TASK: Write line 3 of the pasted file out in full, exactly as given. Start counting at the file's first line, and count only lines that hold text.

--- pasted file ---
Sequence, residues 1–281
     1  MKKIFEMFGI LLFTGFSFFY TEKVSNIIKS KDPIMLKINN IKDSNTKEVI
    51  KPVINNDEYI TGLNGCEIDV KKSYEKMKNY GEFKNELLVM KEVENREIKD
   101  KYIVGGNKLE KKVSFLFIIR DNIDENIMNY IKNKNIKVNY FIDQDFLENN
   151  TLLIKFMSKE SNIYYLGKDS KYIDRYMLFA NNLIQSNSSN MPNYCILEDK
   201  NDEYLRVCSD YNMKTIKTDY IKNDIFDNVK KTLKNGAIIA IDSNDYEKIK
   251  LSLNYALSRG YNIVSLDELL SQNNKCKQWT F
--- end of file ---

    51  KPVINNDEYI TGLNGCEIDV KKSYEKMKNY GEFKNELLVM KEVENREIKD